The two were the first to scale El Capitan’s 3,000-foot face, also known as the Dawn Wall (imagine three Empire State Buildings on top of each other), as free climbers with no ropes to aid them up. They used ropes and harnesses only for safety when they lost their grip or slipped off. This means they used their fingers to find holds on the granite and their feet to find sturdy grips on sometimes crumbling rock. They were climbing and hovering above the earth for 19 days. Crews delivered food and supplies as needed. The climbers slept in hanging tents.
This feat was shear awesomeness. Having spent some family vacation time in Yosemite, it seems near impossible to think that someone could climb up El Capitan. The granite rocks are breathtaking; they are truly among the wonders of the world. I remember standing in Yosemite Valley about eight years ago in complete awe of Half Dome, El Capitan and Yosemite Falls.
When I heard about Caldwell and Jorgeson’s pursuit, I began checking news sites and Twitter for their progress almost daily. In this climb, there is beauty which surpasses other human feats, which seems supernatural. Caldwell and Jorgeson spent years preparing for the climb. They memorized routes and practiced them religiously. They knew where to put their hands and their feet.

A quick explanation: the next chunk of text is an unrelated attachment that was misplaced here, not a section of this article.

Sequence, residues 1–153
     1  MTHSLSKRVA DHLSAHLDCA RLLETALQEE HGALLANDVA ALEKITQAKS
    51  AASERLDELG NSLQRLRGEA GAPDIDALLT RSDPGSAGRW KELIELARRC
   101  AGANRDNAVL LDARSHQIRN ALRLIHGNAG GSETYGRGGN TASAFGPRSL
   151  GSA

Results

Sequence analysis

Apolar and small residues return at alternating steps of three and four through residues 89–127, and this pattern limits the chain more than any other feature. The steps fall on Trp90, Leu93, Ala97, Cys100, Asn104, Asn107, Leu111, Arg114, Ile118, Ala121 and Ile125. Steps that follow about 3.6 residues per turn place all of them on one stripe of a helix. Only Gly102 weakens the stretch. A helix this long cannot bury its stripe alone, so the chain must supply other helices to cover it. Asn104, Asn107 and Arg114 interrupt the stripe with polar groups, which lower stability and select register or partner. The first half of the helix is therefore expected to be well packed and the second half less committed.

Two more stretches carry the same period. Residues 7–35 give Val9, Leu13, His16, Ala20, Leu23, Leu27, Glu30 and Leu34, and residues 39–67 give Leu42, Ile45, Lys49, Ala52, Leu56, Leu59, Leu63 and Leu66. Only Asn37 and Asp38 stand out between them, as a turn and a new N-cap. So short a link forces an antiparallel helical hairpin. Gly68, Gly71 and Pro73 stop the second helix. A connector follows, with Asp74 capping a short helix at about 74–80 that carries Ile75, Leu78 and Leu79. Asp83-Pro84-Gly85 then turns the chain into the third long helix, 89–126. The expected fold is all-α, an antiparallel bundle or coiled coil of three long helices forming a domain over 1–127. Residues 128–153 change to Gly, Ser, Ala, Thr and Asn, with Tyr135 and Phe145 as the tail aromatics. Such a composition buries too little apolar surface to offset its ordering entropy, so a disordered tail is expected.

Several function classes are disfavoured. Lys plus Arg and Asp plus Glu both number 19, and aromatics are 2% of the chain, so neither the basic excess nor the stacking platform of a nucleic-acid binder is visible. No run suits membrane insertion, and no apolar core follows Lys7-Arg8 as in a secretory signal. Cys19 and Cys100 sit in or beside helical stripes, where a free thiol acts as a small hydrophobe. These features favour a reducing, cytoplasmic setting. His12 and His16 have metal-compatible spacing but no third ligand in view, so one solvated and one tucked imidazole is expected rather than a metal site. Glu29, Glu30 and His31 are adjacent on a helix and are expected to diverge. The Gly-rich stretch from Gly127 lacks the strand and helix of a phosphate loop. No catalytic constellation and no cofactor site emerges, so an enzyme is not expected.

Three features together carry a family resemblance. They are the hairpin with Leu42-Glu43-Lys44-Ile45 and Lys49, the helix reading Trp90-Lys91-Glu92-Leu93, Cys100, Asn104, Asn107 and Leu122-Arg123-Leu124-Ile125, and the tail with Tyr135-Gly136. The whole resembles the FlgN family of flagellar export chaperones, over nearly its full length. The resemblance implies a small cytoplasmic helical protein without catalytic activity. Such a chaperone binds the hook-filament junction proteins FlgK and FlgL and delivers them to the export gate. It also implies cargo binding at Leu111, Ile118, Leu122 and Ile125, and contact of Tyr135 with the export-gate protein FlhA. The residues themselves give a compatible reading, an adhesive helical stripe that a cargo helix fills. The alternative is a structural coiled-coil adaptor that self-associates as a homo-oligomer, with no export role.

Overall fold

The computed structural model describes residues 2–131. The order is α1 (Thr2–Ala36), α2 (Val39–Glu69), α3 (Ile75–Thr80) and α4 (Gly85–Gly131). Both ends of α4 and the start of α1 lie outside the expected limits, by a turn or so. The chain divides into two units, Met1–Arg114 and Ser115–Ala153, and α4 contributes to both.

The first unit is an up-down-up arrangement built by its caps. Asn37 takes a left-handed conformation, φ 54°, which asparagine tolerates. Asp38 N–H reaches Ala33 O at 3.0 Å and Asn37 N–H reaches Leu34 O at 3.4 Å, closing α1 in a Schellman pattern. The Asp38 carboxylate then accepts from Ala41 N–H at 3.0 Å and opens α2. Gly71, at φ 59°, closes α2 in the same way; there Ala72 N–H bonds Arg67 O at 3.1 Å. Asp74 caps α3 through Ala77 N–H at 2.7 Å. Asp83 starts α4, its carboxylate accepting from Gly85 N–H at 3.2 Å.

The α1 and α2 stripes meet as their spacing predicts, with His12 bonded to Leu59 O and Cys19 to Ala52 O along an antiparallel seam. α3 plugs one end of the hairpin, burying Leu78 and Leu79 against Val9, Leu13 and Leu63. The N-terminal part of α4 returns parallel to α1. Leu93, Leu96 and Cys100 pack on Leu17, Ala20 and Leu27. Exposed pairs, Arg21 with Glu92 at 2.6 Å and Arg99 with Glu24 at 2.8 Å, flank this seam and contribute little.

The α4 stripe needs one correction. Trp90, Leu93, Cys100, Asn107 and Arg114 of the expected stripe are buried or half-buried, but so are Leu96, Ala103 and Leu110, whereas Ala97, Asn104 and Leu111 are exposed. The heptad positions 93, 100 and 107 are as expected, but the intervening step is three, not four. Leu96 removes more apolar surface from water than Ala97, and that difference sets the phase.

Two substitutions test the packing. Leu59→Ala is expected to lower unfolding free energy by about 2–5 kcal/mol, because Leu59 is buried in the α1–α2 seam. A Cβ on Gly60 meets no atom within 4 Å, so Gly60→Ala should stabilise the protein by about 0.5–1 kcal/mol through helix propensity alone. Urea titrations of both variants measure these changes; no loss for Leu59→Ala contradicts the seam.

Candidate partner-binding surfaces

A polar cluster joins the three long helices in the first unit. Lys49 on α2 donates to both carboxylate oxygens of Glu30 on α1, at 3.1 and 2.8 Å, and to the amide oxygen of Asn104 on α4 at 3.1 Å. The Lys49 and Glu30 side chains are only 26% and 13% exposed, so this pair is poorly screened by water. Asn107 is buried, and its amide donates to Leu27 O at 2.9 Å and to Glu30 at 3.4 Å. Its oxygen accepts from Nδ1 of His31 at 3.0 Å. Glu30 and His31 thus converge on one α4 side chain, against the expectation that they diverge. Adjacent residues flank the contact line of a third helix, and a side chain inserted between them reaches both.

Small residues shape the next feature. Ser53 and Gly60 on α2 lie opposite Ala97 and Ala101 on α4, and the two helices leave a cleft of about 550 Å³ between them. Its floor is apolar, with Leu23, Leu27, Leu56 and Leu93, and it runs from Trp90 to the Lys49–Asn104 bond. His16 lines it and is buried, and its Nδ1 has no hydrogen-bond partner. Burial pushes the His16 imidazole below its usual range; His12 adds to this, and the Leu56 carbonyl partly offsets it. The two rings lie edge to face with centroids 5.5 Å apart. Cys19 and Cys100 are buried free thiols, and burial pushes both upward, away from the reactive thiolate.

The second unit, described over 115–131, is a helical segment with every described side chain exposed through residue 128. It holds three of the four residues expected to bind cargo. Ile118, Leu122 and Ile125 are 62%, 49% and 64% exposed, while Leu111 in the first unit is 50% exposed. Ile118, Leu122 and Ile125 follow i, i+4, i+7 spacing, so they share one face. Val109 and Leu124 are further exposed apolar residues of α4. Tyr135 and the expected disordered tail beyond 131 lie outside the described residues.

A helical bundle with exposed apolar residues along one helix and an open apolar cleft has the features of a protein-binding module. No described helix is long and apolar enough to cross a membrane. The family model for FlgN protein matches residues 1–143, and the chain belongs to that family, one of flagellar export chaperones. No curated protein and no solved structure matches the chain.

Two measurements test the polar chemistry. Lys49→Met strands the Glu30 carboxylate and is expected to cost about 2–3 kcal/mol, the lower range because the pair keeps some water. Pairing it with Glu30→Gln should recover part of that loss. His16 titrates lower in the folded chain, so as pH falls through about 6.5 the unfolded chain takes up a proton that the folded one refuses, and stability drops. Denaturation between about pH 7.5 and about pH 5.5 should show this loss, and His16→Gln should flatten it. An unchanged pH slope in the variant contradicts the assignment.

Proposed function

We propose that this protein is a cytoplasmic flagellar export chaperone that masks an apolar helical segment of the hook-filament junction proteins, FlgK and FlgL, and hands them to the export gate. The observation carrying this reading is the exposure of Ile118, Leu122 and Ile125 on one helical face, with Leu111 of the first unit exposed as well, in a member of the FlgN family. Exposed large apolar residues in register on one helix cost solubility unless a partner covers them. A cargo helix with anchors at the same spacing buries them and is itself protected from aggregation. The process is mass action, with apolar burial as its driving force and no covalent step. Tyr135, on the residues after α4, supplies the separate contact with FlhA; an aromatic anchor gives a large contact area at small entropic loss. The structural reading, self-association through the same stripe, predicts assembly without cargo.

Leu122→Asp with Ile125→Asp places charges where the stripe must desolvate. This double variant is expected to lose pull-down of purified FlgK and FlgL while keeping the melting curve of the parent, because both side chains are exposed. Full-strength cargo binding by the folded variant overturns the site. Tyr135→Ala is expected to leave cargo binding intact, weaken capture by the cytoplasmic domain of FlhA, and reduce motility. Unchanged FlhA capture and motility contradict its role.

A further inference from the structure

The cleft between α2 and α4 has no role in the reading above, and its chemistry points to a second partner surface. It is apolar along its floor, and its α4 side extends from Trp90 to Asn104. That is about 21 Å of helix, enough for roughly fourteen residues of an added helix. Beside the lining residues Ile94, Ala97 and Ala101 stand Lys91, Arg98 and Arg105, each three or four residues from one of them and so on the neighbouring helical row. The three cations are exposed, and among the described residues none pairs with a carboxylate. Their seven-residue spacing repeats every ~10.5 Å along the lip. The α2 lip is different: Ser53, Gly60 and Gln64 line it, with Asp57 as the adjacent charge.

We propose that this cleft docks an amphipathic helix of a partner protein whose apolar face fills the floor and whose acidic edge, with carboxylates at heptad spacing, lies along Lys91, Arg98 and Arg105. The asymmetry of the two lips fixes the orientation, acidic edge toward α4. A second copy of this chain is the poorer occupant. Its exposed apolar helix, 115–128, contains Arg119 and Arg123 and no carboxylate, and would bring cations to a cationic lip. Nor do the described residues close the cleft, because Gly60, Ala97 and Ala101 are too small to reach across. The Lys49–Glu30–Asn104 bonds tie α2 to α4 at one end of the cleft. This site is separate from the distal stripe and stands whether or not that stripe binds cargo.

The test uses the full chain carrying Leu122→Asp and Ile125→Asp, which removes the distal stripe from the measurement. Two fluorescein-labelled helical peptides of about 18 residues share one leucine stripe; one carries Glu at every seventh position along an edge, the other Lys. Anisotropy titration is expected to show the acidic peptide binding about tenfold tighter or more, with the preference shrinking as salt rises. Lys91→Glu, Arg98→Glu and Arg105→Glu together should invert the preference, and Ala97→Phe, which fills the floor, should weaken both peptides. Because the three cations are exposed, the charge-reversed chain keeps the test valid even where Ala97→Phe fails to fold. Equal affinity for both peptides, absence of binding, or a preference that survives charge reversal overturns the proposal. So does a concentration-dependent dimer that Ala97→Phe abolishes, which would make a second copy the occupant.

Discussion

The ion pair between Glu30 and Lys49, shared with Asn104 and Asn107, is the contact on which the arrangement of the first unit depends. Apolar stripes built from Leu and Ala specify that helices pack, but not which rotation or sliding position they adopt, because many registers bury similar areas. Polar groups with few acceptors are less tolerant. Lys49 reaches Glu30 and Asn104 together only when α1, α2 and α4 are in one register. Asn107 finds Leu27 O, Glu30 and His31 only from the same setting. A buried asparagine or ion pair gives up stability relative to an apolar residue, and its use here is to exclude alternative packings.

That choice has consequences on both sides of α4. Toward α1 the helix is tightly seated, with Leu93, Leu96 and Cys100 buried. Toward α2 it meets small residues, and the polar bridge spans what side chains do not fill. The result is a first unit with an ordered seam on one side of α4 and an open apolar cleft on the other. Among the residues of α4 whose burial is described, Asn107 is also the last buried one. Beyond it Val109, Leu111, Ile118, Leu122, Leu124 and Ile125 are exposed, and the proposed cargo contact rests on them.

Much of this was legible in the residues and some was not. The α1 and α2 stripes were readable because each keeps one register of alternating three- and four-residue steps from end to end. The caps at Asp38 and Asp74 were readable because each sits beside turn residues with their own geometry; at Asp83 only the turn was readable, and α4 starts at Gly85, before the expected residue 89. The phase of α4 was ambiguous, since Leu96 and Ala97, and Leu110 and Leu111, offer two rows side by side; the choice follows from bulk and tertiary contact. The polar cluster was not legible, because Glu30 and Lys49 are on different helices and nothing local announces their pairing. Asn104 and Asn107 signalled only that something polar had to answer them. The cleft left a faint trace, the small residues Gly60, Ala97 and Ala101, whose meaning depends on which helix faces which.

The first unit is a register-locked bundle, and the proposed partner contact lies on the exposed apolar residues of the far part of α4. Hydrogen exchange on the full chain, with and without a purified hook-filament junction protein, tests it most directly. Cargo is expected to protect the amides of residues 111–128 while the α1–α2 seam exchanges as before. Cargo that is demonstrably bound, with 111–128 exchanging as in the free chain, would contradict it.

Once the pair reached the top of the climb, Jorgeson put the challenge to anyone watching them: “I hope it inspires people to find their own Dawn Wall, if you will.”
That’s when I started wondering, what’s my Dawn Wall? What is the one thing I hope to achieve with years of practice? To take on the challenge of scaling a gigantic granite wall which doesn’t seem meant to be climbed is like setting a goal and then magnifying it in a “sky’s the limit” kind of way.
I have “Dawn Wall” dreams for my improv and writing passions. Recording a Christian rap album is among those dreams. And maybe one day running a small theater for improv and comedy. Another dream: Writing a book that’s on the New York Times’ bestseller list.
The climbers’ feat underscores the importance of having big dreams, not just dreams that come after a few months or weeks of hard work. The big dreams in life are the ones that might keep you up at night and consume your daydreams as well. These are the dreams that you chip away at every chance you get: Maybe you take some art classes each summer and sketch during your lunch hours; soon, you’re hanging artwork in a friend’s living room or local coffee shop; one day, you’re featured in a solo gallery show.
What Caldwell and Jorgeson did in Yosemite began with a dream that others supported. It took family and friends encouraging them. The larger climbing community helped them plan and execute it. They had faith that they could accomplish their task. Knowing that Caldwell and Jorgeson stubbornly worked on their dream for years is an encouragement to me.
The pair’s climb is a story I plan on passing along to others. I imagine taking a long road trip into Yosemite, and after a day or so of soaking in the surroundings we would walk near the base of El Capitan and crane our necks upward until they hurt. Then, the storytelling would begin with two climbers who dreamed bigger than most.